Calabash Seafood Hut

Seafood
Memorable
One of the best
Save

It would be possible to spend weeks, months, years eating one’s way through Myrtle beach and north along the Grand Strand to find which of the several dozen (or is it several hundred?) restaurants purporting to serve Calabash-style seafood are the best. But it likely would not be fun. Too many are tourist traps where enforced seaside ambience trumps good-tasting food.

So forget an endless, bilious, ridiculously expensive pilgrimage. Eat at the Calabash Seafood Hut in the village of Calabash, which has declared itself The Seafood Capital of the World. It’s a small place, family owned, with a lot of take-out business and, usually, a wait for one of the precious tables inside.

The menu is basic, with only a handful of items for “land lovers.” But it lists all the seafood that made this town famous, including buff little shrimp, sweet scallops, creamy flounder, and substantial oysters. What makes them Calabash as opposed to ordinary fried seafood? In some ways, it’s hard to define… but you know it when you taste it.

First,  the fish is fresh. Not icy,  not old, but seriously ocean-fresh; second — and this is the tricky part — its coat is especially thin, lightly crunchy, gently seasoned. There is a buttery luxe to the crisp crust that shatters and melds so well with the sweet seafood within. Shrimp are the #1 headliner. They’re little, but unlike so many other shrimpy shrimp, they are radiant with sweet shellfish flavor. Scallops are resilient and clean-flavored; oysters are luxurious heavyweights, their gnarly shape meaning maximum amounts of breading; flounder is pure white and as rich as cream. Hushpuppies and French fries are OK, serving their purpose as palate-refreshers before digging into more seafood.

Calabash seafood first was served to the public back in the 1940s, when a couple of sisters in town decided to open a restaurant that took advantage of the bounteous catch and the town tradition of community fish fries. The name has spread far beyond the village of Calabash, but locals frown on all those places in Myrtle Beach that claim to serve Calabash seafood when, in fact, it’s just regular fried fish.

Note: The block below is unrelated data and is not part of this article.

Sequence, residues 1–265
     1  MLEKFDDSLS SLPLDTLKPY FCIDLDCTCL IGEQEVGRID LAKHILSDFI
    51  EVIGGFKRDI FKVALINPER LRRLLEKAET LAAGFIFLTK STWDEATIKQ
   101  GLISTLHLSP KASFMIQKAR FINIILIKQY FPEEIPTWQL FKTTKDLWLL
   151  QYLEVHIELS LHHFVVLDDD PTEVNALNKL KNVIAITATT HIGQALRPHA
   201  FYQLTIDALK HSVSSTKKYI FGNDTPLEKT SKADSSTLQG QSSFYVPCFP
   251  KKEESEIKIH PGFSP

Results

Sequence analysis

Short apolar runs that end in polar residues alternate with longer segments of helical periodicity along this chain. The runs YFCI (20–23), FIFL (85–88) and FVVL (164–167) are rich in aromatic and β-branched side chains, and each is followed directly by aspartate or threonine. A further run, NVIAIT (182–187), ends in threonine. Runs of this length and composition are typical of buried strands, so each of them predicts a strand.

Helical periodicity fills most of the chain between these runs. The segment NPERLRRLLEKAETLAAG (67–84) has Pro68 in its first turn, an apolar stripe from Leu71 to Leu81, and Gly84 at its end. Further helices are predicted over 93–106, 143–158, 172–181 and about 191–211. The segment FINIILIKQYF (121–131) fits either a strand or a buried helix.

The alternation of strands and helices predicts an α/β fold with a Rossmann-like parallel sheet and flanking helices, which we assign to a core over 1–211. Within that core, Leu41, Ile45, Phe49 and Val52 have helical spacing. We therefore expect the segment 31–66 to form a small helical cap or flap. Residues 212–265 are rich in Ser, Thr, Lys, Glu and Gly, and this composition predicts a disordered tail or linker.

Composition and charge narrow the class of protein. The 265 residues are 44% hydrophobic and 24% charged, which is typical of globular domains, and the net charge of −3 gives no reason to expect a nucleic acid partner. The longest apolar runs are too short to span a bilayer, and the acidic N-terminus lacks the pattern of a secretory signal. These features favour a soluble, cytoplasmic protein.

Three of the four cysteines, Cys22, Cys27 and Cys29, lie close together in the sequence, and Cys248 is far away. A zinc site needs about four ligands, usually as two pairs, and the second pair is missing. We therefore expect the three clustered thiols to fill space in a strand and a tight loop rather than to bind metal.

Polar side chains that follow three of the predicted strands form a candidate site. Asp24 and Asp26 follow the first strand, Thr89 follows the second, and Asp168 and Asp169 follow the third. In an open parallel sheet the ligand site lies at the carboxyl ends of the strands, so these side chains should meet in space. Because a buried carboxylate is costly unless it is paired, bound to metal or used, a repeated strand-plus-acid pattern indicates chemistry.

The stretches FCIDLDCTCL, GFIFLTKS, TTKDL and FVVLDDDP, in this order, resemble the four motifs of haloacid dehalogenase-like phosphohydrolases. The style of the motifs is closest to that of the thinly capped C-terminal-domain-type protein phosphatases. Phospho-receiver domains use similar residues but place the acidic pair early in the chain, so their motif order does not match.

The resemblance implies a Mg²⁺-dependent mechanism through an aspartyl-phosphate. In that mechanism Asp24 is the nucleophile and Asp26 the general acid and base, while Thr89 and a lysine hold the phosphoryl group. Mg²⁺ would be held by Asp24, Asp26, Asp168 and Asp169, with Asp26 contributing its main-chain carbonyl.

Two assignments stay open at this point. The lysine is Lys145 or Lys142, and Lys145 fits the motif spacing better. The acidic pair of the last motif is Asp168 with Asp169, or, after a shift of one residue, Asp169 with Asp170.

What to Eat
Calabash Seafood Hut, Flounder
Flounder
Must-Try
The meat of flounder is cream-sweet, so well abetted by spicy crust.
Calabash Seafood Hut, Shrimp
Shrimp
Must-Try
Calabash shrimp are small-sized, but big-flavored.
Calabash Seafood Hut, Scallops
Scallops
Must-Try
Sweet, springy scallops love their thin veil of crust.
Calabash Seafood Hut, Oysters
Oysters
Must-Try
Oysters fairly explode when you crunch through their golden coat.
Calabash Seafood Hut, Deviled Crab
Deviled Crab
Must-Try
Crabby, yes, but deviled crab also sparkles with vegetable freshness.
Calabash Seafood Hut, Hushpuppies
Hushpuppies
Hush puppies are fine, but an afterthought.
Directions and Hours
Information
Price
$$
Seasons
Open Year Round
Meals Served
Lunch, Dinner
Credit Cards Accepted
Yes
Alcohol Served
No
Outdoor Seating
No

Other Nearby Restaurants

  • The Basics

    Wilmington, North Carolina

    Creative versions of southern classics make The Basics a cozy, casual downtown destination for great meals prepared with flair but no pretensions.

  • Cast Iron Kitchen

    Wilmington, North Carolina

    In a strip-mall location, the Cast Iron Kitchen offers rustic decor and downhome food. Grits, corned beef, and pimento cheese sandwiches are notable.

  • Sweet N Savory Cafe

    Wilmington, North Carolina

    Three meals a day and a vast menu make Sweet N Savory Cafe a good choice for groups of diners with different tastes. From-scratch bakery is an asset.

  • Jersey Bagels

    Myrtle Beach, South Carolina

    A true taste of New Jersey in Myrtle Beach, Jersey Bagels’ bagels are dense, chewy, and full flavored. Overflowing sub sandwiches are also a specialty.

  • Blueberry’s Grill

    Myrtle Beach, South Carolina

    Myrtle Beach’s best breakfast is a full coffee shop repertoire, including inventive variations of southern favorites. Don’t miss the corned beef hash!

  • Pulaski Deli

    Myrtle Beach, South Carolina

    Pulaski Deli is a Myrtle Beach anomaly: homelike, old-world food in a quiet, personable market. The Polish Sampler plate gets you some of everything.